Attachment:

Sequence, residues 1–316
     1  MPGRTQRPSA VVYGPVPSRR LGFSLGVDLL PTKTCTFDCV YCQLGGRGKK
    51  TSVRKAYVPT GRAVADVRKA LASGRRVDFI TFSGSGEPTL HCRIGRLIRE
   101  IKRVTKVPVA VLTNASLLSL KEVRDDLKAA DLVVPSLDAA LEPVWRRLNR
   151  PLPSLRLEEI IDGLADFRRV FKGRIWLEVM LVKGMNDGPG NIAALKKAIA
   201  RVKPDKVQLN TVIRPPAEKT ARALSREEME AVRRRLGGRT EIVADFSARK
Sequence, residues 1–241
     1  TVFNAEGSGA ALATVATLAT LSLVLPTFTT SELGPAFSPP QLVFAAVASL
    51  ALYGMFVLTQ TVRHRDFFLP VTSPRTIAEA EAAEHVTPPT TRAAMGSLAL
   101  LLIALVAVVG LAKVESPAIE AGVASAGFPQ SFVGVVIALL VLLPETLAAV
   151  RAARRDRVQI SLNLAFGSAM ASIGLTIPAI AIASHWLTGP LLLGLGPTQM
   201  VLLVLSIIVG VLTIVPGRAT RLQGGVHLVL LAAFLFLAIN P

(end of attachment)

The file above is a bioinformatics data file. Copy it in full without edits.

Sequence, residues 1–316
     1  MPGRTQRPSA VVYGPVPSRR LGFSLGVDLL PTKTCTFDCV YCQLGGRGKK
    51  TSVRKAYVPT GRAVADVRKA LASGRRVDFI TFSGSGEPTL HCRIGRLIRE
   101  IKRVTKVPVA VLTNASLLSL KEVRDDLKAA DLVVPSLDAA LEPVWRRLNR
   151  PLPSLRLEEI IDGLADFRRV FKGRIWLEVM LVKGMNDGPG NIAALKKAIA
   201  RVKPDKVQLN TVIRPPAEKT ARALSREEME AVRRRLGGRT EIVADFSARK
Sequence, residues 1–241
     1  TVFNAEGSGA ALATVATLAT LSLVLPTFTT SELGPAFSPP QLVFAAVASL
    51  ALYGMFVLTQ TVRHRDFFLP VTSPRTIAEA EAAEHVTPPT TRAAMGSLAL
   101  LLIALVAVVG LAKVESPAIE AGVASAGFPQ SFVGVVIALL VLLPETLAAV
   151  RAARRDRVQI SLNLAFGSAM ASIGLTIPAI AIASHWLTGP LLLGLGPTQM
   201  VLLVLSIIVG VLTIVPGRAT RLQGGVHLVL LAAFLFLAIN P